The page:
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Tuesday, 17 December, 2002, 15:45 GMT
Shake-up to tackle pensions crisis
A red moneybox and some coins
The tax treatment of pensions may be simplified
People will be encouraged to work beyond the usual retirement age of 65 and could be forced to save for their old age, under government plans for a shake-up of pensions unveiled on Tuesday.

Margaret Watts
I can't believe that I worked all those years and all I will get is seven pence a week

Margaret Watts
Workers deferring their state pension for up to five years will instead be offered a lump sum of up to 20,000 at the age of 70.

According to government estimates, up to 3 million workers are "seriously under-saving" for their retirement, and an independent commission will now investigate whether workers should be forced to make additional private pension arrangements.

Announcing the plans in parliament, Pensions Secretary Andrew Smith said the government preferred a "voluntarist approach", and it was up to employers and employees to "rise to the challenge".

Pensions experts say the UK savings shortfall could be as big as 27bn.

The proposals are contained in the Green Paper on pension reform, which outlines ways to tackle the deepening crisis of both the public and private pensions system.

The plans include:

  • raising the retirement age of new public service workers to 65
  • persuading the pensions industry to introduce simpler, standardised pension schemes
  • setting up a new "pro-active" regulator for the pensions industry
  • stopping workers drawing company pensions before they are 55 years old
  • simplifying the tax treatment of pensions.

Public sector faces pensions upset

Mr Smith plans to raise the pension age of public service workers from 60 to 65 years, hitting teachers, nurses and other civil servants who join the civil service from 2006.

The change applies "initially" only to new state employees, but the government could extend the scheme to the whole public sector in due course.

The proposal is likely to upset public sector unions already on the verge of strikes over pay and conditions.

Simplified tax system

Another government proposal could allow employers to make membership of a pensions scheme a condition of employment.

The Green Paper also proposes a radical simplification of the tax regime on pension funds from eight systems to one.

Pensioners will be allowed to put aside up to 1.4m for their retirement fund, which qualifies for tax relief.

And the government wants to persuade the financial services industry to offer simpler pension schemes, which meet certain basic standards of clarity and low investment risk - similar to the CAT standards for certain savings products.

Left with no savings

The pensions industry, which in recent years has been engulfed by a string of scandals, is likely to get a new regulator.

A regulator will have the brief of "pro-active" monitoring of the industry, particularly where there is a high risk of fraud, bad governance or maladministration.

The Green Paper also proposes measures to address the issue of "wind-ups", when companies close down their final salary pension schemes - products commonly considered the gold standard of UK pensions.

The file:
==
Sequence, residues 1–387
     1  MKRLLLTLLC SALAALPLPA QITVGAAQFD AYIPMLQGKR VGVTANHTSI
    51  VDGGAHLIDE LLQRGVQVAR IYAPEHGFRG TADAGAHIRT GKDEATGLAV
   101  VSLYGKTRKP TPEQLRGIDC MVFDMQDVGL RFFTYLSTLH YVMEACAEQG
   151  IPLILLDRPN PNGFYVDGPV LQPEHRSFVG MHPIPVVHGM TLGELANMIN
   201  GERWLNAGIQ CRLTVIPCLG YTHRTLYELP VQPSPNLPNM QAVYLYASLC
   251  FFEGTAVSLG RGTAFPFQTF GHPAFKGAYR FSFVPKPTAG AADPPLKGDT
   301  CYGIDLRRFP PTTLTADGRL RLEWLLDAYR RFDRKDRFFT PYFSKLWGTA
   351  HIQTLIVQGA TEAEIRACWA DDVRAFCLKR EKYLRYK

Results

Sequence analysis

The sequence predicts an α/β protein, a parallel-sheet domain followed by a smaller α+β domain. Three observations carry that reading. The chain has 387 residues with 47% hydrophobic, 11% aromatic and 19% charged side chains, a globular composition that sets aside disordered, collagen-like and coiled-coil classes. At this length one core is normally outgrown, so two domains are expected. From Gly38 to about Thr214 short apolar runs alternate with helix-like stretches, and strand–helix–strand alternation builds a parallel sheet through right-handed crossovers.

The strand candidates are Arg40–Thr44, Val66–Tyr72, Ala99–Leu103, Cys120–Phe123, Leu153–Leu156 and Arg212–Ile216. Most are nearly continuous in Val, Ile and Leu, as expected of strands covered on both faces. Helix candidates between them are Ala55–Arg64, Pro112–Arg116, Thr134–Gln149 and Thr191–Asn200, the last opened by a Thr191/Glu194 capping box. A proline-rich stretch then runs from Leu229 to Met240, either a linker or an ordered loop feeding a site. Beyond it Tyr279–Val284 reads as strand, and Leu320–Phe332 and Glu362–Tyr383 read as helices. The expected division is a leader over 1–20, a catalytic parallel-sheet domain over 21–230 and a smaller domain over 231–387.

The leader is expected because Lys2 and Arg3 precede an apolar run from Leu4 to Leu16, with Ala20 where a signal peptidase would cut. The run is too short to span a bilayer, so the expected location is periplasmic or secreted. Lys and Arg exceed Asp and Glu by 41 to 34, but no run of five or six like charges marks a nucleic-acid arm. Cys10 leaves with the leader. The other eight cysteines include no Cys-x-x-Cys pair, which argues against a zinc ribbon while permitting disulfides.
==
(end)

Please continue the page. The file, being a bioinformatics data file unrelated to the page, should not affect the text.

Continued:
Many workers caught up in those closures have been left with virtually no savings for their retirement.

At the same time, workers may no longer be able to retire at 50 and draw their company pension. Instead, the government wants them to work until they are at least 55. The new rule would kick in from 2010 onwards.

Before presenting the Green Paper, Mr Smith had described the fixed retirement age as "increasingly anachronistic".

"We need to enable people to work longer to erode that cliff edge where at present you are a valued member of the workforce on Friday and shifted off into retirement on a Monday," he told BBC Radio 4's Today programme.

Savings gap

It is estimated that people in the UK are saving 27bn less than they need to fund their retirement.

Plummeting stock markets have made a bad situation worse, with many pension funds in trouble or generating much lower returns than promised.

There are further problems due to closure of many company-run final salary schemes, and the decline in benefits paid by the state pension system.

Two major reports earlier in the year highlighted the weaknesses in the current system of pensions and savings.

Red tape, tax burden

The Pickering report, written by Alan Pickering, a former chief of the National Association of Pension Funds, concluded that the onus for saving had swung too far from individuals towards employers.

As a result, firms are becoming increasingly unwilling to provide schemes and play their part in filling the UK's savings gap.

They are choosing to close their final salary pensions schemes instead, he said.

Ron Sandler, the former Lloyd's of London chief, set out reforms of the financial services industry with the aim of encouraging people to save more for retirement.

Last July, the Sandler report called for a reform of with-profits savings schemes and the way in which financial advisers are paid.

The BBC's Evan Davis
"Some ideas to make the existing system work better"
The BBC's Andrew Verity
"We have more money in pensions pots than the rest of Europe put together"

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